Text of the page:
Automation

Automation and AI during the Pandemic The Fourth Industrial Revolution COVID-19 helped to accelerate the adoption of automation and AI, not just for luxury but more as a need to continue working without closing the production lines

Automation and AI during the Pandemic The Fourth Industrial Revolution


automation during the pandemic

Photo courtesy www.xflower.software.com


Talking about automation and artificial intelligence was a trend even before COVID-19. Long before this global situation happened, there was already talk about the future of work being in automating processes. We always saw that issue as something that would happen gradually and over several years. Who would tell us that a virus would accelerate this process.

COVID-19 helped to accelerate the adoption of automation and AI, not just for luxury but more as a need to continue working without closing the production lines. Automation allows both workers and companies to increase productivity through the use of technology and has become one way to reduce transmission, protect employees and customers from a highly contagious disease and to keep operating costs low.


automation during the pandemic

Photo courtesy www.kearney.com


The pandemic pushed companies and consumers to rapidly adopt new behaviors that are likely to stick. During last year, automation allowed millions of workers and students to work and learn from home to mitigate the spread of the pandemic.

Businesses have controlled unpredicted costs during the pandemic by adopting automation and redesigning work processes, which reduce the share of jobs involving mainly routine tasks.

Machines have made jobs obsolete for centuries. The spinning jenny replaced weavers, buttons displaced elevator operators, and the Internet drove travel agencies out of business. The pandemic has caused millions of lost jobs, and a quick adjustment to working from home for those who kept their jobs as offices closed.

The actual trends, given how fast the pandemic shut down certain industries, are that many companies are considering seriously automating part of their process line, both manufacturing and administrative replacing employees with automation, to avoid taking risks in the face of another possible pandemic.


automation during the pandemic

Photo courtesy www.bernardmarr.co



automation during the pandemic

Photo courtesy www.kearney.com


Pandemic Trends, which are likely to continue even when this ends

From sending employees home to limiting in-person interactions, COVID-19 has completely changed the way we live, work, and interact with each other.

Maybe the most obvious impact of the actual pandemic on the labor force is the increase in employees working remotely.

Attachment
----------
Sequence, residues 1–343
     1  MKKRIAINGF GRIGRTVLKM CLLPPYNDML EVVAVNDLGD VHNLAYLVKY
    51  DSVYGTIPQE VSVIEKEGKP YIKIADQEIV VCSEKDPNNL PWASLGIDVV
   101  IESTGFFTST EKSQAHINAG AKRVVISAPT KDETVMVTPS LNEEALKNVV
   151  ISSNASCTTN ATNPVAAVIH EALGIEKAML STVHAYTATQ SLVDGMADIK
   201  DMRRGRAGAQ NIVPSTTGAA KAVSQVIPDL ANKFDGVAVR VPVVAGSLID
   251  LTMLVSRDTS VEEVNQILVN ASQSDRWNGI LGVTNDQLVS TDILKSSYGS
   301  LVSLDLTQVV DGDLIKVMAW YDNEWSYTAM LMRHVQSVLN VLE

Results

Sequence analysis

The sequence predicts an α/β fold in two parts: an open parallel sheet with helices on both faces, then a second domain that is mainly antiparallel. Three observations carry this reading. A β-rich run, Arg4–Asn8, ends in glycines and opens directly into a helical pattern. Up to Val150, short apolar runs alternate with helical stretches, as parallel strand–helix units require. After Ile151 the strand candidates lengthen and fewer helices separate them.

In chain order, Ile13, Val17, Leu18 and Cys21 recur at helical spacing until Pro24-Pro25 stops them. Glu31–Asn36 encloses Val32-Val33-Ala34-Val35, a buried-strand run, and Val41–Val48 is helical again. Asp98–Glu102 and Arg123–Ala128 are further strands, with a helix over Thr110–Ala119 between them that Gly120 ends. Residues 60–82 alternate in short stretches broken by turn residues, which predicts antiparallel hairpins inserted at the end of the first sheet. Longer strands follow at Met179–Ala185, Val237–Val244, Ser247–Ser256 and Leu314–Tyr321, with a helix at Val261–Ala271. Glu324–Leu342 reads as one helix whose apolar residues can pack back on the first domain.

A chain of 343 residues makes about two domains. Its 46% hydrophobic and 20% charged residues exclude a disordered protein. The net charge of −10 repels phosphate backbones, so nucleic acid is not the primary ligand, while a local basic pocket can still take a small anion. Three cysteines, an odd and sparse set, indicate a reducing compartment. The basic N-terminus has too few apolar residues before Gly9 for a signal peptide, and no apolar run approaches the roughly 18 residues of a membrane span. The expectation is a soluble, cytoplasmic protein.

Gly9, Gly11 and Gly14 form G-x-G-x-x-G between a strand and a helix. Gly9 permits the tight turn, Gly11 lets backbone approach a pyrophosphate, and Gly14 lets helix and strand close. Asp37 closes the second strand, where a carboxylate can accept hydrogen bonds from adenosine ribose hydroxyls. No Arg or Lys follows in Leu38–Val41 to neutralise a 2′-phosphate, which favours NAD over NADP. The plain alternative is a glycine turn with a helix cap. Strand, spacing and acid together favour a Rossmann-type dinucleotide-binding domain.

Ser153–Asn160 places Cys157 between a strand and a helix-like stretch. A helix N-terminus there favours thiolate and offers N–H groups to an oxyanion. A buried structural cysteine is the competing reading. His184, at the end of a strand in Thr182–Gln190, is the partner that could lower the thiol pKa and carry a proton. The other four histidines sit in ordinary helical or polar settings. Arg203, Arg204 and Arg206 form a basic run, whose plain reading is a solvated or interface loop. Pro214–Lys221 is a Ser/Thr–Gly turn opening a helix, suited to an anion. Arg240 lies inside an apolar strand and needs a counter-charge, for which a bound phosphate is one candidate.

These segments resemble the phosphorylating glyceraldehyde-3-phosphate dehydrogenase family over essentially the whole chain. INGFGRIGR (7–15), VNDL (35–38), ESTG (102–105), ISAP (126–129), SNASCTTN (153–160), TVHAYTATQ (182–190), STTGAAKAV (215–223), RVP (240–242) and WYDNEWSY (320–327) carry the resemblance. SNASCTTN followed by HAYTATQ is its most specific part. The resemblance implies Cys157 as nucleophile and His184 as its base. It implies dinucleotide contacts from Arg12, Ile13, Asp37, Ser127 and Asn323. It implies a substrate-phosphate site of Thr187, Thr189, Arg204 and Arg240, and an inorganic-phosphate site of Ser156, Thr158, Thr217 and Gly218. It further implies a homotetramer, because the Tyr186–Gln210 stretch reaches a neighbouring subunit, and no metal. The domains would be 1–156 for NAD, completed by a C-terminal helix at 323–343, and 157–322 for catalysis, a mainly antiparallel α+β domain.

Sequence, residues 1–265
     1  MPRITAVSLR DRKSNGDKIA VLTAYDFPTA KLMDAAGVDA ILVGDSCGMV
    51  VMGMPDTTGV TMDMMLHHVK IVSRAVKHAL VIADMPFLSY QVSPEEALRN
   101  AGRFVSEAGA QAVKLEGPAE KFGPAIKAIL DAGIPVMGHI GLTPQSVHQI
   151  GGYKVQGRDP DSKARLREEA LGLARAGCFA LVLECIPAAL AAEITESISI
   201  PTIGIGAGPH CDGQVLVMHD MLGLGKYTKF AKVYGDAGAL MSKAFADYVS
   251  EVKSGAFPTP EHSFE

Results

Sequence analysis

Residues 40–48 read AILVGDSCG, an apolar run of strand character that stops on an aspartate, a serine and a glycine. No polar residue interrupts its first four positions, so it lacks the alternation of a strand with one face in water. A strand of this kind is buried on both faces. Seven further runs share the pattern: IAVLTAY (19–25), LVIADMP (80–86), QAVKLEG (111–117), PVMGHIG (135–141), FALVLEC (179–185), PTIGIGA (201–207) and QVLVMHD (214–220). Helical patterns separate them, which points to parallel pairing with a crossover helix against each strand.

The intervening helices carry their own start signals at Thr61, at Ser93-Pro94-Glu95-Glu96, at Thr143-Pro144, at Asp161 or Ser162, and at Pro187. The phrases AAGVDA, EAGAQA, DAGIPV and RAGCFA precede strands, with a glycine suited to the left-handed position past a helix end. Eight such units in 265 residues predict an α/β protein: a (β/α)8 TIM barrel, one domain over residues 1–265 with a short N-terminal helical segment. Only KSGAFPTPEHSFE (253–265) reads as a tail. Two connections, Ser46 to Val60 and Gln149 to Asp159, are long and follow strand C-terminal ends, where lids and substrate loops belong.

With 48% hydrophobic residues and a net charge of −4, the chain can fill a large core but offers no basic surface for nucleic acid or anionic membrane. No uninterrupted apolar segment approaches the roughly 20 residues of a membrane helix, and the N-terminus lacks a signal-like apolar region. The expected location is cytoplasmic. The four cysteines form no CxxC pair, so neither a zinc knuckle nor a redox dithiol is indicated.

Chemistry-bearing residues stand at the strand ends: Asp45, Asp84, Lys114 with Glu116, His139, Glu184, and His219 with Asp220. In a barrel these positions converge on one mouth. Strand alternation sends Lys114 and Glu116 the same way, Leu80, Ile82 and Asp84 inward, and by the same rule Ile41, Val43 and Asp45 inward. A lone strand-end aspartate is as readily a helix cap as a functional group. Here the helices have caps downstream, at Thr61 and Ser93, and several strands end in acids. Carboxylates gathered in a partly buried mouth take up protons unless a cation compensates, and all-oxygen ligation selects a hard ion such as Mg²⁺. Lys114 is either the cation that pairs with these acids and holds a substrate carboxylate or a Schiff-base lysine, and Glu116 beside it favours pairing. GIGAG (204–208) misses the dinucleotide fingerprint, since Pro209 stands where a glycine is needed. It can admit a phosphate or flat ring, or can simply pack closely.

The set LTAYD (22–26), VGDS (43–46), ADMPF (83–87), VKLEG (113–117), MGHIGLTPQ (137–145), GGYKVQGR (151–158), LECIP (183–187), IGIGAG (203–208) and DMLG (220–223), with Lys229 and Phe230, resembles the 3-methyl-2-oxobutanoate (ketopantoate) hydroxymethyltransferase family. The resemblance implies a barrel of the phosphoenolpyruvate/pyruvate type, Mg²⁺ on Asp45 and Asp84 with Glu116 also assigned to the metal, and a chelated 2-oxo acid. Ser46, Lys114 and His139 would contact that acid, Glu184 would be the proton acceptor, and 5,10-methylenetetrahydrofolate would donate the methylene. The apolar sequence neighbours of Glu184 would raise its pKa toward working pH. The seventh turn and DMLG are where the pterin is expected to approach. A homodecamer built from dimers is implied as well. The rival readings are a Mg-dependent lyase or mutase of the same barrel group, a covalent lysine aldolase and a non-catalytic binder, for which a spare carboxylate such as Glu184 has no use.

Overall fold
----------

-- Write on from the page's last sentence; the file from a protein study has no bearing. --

Working from home might become much more widespread and accepted, now that it has been tested on a large scale. Remote work and virtual meetings are likely to continue, even after the pandemic, although not as much as when it started.


automation during the pandemic

Photo courtesy www.atriainnovation.com


Companies are shifting to flexible workspaces after the experiences with remote work during the pandemic, this move will reduce costs incurred in running a large office with many employees.

E-commerce and other virtual transactions are booming. Thanks to the current situation many consumers discovered the convenience of e-commerce and other online activities that they can perform from the comfort of their home and within reach from any mobile device.

The pandemic has changed the way we work and interact with machines. From being a tool that helps in some processes, to becoming an essential instrument to carry out work even without being in front of it. The surge in remote working has magnified the need for unmanned work operations.


automation during the pandemic

Photo courtesy www mckinsey.com


Many companies deployed automation and AI in warehouses, grocery stores, call centers, and manufacturing plants to reduce workplace density and cope with surges in demand. However, not everyone benefits from the effects of automation, specially those whose jobs are eliminated as a result of automation.

A study by the McKinsey Global Institute (Manyika et al. 2017) estimated that accelerated automation could raise productivity growth significantly and replace half of today’s work activities by 2055.

While COVID-19 pandemic came to reinforce the trend that has been happening for many years, automation will continue to have vastly different effects depending on the sector we are we are analyzing.

Should this situation be considered the fourth industrial revolution?

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